Increased polymorphonuclear leukocytes (>75%). High discriminatory power when combined with history. 
mild leukocytosis (10,000 to 18,000/microliter)
Wall thickening, wall enhancement, and inflammatory changes in the surrounding tissues are additional findings seen in a CT scan of abdomen and pelvis. 
It has become common practice, especially in the US, for any patient presenting to the emergency department with abdominal pain suggestive of appendicitis, to have CT scan of the abdomen and pelvis, unless the patient is pregnant. A CT is also indicated in atypical presentations.
The sensitivity and specificity of CT scan in detecting acute appendicitis have been reported to be 94% and 95%, respectively. 
In pregnant women presenting with features of appendicitis, an abdominal sonogram should be performed to identify the appendix. If the sonogram examination is inconclusive, either an abdominal MRI (particularly in early pregnancy) or a CT scan should be performed.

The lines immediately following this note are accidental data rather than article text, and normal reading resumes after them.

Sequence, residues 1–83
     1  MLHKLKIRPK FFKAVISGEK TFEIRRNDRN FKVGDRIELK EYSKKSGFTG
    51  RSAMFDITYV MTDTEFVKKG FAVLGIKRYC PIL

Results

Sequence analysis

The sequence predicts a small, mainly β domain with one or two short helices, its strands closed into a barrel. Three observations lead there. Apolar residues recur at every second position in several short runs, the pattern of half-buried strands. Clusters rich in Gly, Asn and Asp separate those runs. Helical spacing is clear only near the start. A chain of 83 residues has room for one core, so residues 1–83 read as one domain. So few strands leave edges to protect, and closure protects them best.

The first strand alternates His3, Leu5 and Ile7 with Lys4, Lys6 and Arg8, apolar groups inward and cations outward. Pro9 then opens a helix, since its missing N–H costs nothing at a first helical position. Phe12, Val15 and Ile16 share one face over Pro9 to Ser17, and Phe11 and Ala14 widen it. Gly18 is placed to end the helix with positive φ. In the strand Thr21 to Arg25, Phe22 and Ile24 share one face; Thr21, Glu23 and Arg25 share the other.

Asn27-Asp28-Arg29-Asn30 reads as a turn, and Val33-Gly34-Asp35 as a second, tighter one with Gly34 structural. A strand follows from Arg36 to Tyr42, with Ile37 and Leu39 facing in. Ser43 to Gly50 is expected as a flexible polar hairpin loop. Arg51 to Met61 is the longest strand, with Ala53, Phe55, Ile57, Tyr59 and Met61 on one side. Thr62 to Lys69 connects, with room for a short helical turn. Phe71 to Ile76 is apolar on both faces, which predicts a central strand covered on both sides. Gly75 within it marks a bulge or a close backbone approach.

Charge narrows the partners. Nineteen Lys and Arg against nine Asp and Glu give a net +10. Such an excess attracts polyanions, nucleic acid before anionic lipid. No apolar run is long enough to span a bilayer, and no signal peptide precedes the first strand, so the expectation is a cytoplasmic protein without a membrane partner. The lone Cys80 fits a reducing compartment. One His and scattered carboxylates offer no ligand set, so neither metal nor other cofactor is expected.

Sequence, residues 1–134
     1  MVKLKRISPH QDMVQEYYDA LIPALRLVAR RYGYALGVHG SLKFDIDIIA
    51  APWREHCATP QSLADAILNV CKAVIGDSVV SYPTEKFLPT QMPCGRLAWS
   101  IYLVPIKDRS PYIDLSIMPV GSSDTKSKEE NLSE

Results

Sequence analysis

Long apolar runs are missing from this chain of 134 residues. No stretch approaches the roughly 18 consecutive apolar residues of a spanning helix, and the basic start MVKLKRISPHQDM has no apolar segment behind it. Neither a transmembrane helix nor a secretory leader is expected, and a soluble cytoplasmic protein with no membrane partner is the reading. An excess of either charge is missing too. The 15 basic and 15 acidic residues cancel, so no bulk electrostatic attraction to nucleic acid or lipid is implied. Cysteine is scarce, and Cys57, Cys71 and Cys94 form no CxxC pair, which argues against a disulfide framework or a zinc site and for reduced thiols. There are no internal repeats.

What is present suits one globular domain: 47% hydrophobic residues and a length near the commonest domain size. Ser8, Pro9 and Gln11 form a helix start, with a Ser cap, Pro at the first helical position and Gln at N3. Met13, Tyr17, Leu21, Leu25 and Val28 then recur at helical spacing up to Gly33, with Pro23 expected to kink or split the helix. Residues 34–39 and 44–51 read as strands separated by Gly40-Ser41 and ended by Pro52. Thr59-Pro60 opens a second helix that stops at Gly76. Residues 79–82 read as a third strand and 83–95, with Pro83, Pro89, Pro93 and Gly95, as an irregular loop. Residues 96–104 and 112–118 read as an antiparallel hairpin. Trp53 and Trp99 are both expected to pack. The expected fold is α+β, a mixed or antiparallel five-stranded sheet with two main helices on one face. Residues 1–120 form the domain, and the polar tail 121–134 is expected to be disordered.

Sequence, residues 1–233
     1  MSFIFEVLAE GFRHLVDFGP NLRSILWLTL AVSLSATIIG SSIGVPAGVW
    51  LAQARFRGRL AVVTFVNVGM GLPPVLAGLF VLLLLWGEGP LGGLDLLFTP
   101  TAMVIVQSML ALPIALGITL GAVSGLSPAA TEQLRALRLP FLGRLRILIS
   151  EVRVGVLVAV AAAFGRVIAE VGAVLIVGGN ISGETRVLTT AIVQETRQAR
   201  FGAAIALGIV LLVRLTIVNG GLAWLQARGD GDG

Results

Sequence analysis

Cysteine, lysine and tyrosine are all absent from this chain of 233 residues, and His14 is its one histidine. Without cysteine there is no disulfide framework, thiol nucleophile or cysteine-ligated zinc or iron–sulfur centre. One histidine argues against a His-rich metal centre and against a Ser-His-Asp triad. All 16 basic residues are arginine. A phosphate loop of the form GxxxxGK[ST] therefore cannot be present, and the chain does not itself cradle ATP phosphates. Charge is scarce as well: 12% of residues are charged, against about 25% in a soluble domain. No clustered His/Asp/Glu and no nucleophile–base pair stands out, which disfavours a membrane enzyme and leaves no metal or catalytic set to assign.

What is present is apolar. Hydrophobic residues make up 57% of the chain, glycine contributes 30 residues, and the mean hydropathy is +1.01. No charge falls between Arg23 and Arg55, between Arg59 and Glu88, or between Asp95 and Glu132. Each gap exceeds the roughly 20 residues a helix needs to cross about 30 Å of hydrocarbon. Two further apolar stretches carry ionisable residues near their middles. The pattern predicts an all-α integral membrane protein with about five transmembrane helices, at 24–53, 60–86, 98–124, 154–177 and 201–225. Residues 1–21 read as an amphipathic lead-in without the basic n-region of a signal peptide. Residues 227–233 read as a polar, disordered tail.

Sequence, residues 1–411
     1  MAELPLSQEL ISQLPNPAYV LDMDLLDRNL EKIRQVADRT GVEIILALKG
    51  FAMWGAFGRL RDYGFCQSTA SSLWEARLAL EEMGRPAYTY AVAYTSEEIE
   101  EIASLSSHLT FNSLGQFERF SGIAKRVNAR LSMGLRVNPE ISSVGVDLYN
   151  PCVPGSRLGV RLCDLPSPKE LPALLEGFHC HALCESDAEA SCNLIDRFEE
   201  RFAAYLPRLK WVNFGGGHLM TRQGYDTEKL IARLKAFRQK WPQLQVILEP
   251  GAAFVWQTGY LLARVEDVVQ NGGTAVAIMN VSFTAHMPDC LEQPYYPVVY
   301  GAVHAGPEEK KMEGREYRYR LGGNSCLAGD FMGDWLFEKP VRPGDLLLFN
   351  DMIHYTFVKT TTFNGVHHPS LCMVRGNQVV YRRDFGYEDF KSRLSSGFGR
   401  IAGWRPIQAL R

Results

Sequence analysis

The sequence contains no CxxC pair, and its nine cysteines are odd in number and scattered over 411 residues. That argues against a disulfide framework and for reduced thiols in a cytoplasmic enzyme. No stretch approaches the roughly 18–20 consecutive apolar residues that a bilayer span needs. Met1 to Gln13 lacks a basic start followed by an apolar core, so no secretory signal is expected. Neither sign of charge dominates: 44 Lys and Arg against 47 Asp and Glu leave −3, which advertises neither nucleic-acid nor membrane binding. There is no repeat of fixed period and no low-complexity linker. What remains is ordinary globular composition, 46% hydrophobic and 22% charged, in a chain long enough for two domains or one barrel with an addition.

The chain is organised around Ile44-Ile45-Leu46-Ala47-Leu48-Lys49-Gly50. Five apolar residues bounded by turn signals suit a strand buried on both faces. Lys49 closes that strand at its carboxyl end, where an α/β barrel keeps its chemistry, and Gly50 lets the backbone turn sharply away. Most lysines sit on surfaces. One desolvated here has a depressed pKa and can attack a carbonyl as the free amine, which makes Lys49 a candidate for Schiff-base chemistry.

abnormal appendix (diameter >6 mm) identified or calcified appendicolith seen in association with periappendiceal inflammation
If positive, the possibility of ectopic pregnancy should be considered.
Indicated in atypical presentations. May be preferred in children in order to limit radiation exposure with CT scan. 
The sensitivity and specificity of ultrasound in detecting acute appendicitis have been reported to be 86% and 81%, respectively. 
aperistaltic or noncompressible structure with outer diameter >6 mm
If positive for red cells, white cells, or nitrates, an alternative diagnosis such as renal colic or UTI should be considered.
MRI can be used as an alternative to CT scan in pregnancy, particularly in early pregnancy. Its results are comparable to CT scan in pregnant patients for whom sonographic findings are equivocal for the diagnosis of acute appendicitis.  
abnormal appendix (diameter >6 mm) identified and evidence of periappendicial inflammatory changes
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